Disclaimer: BlueSeventy Swim of the Week is not meant to be a conclusive selection of the best overall swim of the week, but rather one Featured Swim to be explored in deeper detail. The BlueSeventy Swim is an opportunity to take a closer look at the context of one of the many fast swims this week, perhaps a swim that slipped through the cracks as others grabbed the headlines, or a race we didn’t get to examine as closely in the flood of weekly meets.
Last week, we used our Blueseventy Swim of the Week to look at one non-record-breaking swim that factored in hugely to Georgia’s overall team title. This week, let’s do the same for Texas’s win on the men’s side.
While Texas doesn’t necessarily have one swim that won them the meet (a 189.5-point margin of victory accounts for a few more swim than just one), there is one key swim that set the tone early and illustrated the rough blueprint for Texas’s two-year run of NCAA titles.
That swim came in the 500 free, where freshman Townley Haas exploded for a 4:09.00 and an NCAA title in his first-ever individual NCAA appearance.
On its own merits, the swim is still outstanding. It ranks Haas 5th all-time and is the 2nd-best swim since the outlawing of full-body tech suits in 2009. It also accounted for a drop of more than 5 seconds from Haas’s best high school time.
But in terms of team prospects, Haas’s swim was hugely important because it maintained momentum for Texas by covering over the team’s biggest NCAA misstep – a rough meet from Clark Smith. The defending NCAA 500 free champ struggled over the course of the week, missing both the A and B finals in an event he won just a year ago.
That kind of drop off from expected points has been more than enough to crush other NCAA contending teams in years past, but Texas avoided any sort of letdown thanks in large part to Haas’s breakout meet.
Improving Strengths vs Covering Weaknesses
That also illustrates the blueprint Texas seems to be following for its twin NCAA titles from the past two seasons.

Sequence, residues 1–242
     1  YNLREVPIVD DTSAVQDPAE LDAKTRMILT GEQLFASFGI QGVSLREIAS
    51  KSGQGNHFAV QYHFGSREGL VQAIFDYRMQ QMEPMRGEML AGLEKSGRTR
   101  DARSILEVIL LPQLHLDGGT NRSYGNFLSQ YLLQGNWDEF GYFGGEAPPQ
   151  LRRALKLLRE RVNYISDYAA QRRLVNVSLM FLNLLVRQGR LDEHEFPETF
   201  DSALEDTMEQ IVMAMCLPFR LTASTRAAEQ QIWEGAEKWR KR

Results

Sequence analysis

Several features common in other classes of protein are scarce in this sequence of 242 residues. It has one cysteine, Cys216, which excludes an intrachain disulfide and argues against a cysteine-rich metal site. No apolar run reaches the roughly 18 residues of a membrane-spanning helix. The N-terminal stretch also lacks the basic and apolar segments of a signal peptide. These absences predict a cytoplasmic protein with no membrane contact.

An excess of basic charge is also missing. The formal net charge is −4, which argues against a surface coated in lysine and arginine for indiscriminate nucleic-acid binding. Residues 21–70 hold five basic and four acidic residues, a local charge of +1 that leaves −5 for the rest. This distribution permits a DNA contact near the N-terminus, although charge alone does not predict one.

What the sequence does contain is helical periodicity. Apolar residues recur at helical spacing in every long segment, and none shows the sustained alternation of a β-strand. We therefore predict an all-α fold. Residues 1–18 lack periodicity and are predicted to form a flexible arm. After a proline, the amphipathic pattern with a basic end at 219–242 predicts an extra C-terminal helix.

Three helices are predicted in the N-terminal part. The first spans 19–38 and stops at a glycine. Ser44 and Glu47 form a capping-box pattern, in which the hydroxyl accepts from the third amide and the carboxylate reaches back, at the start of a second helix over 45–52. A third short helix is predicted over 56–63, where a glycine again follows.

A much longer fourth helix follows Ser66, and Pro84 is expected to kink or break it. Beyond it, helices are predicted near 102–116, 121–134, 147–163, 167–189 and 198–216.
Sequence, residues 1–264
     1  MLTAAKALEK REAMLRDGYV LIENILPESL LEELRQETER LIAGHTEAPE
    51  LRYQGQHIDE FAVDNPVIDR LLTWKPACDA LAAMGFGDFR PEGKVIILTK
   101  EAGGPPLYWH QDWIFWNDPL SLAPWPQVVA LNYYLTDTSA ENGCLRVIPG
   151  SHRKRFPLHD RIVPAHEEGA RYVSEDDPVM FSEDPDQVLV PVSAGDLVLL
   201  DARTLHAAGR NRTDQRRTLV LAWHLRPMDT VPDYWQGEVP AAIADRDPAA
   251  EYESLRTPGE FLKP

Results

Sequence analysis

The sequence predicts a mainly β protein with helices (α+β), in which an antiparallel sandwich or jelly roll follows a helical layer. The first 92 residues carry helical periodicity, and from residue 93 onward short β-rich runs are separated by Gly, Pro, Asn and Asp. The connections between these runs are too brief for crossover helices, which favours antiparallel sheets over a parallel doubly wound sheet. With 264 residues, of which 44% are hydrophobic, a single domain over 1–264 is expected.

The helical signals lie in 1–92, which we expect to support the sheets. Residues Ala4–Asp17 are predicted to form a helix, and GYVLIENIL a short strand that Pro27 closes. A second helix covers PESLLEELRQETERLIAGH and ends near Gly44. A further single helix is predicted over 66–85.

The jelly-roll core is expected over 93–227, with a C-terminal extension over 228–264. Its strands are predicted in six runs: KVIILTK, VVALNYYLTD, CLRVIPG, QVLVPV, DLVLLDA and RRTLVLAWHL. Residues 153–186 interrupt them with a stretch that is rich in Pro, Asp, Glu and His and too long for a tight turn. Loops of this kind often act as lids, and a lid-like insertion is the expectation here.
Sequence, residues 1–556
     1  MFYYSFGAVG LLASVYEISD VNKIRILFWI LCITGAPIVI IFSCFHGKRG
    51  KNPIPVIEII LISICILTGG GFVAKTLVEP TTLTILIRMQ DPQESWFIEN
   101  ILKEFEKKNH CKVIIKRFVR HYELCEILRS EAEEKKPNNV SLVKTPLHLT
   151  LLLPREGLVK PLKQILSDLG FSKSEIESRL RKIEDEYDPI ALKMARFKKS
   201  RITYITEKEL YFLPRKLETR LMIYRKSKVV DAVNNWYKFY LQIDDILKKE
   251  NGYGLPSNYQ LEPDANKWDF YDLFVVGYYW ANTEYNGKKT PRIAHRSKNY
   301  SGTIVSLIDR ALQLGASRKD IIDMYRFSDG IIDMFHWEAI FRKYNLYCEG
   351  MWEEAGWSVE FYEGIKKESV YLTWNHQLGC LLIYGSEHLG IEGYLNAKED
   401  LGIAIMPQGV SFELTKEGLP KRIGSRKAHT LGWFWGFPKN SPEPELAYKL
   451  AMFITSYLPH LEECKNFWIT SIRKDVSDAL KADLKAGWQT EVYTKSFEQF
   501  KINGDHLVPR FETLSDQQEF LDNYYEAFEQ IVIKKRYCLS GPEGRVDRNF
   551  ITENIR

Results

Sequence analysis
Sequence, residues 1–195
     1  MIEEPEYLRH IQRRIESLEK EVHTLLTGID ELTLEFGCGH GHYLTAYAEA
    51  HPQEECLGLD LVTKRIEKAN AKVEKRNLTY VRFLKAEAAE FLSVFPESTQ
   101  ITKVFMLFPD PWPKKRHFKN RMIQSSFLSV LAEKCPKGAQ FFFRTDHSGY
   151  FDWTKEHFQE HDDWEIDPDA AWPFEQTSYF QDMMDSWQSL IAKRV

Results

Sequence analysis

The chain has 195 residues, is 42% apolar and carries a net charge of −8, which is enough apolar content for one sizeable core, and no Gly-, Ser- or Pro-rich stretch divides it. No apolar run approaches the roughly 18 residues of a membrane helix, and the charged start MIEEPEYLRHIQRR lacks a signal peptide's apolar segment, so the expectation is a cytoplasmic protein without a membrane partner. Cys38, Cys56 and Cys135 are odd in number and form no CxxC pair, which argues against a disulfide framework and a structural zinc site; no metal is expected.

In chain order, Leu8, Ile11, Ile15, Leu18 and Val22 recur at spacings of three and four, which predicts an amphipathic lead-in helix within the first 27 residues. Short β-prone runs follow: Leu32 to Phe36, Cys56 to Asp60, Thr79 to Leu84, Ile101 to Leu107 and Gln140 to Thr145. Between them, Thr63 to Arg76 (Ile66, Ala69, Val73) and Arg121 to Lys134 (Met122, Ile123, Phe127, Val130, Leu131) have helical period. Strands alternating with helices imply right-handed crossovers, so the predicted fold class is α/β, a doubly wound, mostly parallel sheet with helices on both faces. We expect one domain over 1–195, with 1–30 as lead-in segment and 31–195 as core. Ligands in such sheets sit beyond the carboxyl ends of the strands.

Texas isn’t necessarily dominating in every event (though they’ve got a wide range of title contenders). But in the events where they are good, they’re also deep.
The best example, of course, is the butterfly, where Texas famously stacked the 100 fly A final a year ago and continues to feature two of the best flyers in history. U.S. Open record-holder Joseph Schooling has been leading the way, but if he were to falter, the team would still have American record-holder Jack Conger to pick up the slack.
The same goes for Smith and Haas in the distance freestyles, and you could make a pretty good argument that John Murray, Brett Ringgold and Matt Ellis function the same way in the sprints. Will Licon‘s events were the only ones without a top-tier secondary support swimmer, but event there, freshman Ryan Harty developed awfully well and scored in the B finals of both IMs.
Texas isn’t great in the breaststrokes (a relative weakness, of course, considering Licon won the 200) and lost ground to Cal in both backstrokes. But coach Eddie Reese has made his life a lot easier – and his team’s influx of NCAA points more predictable – by improving areas of strength into weapons that are almost guaranteed to score big, even if one swimmer struggles individually.
That roster-building strategy also allows Texas’s top swimmers to get better by training alongside swimmers who can challenge them on a daily basis. It can’t be easy for a swimmer like Haas or Schooling to find consistent challengers, but with Smith and Conger swimming a lane over, there’s no time for anyone in Austin to spend a practice resting on their laurels.
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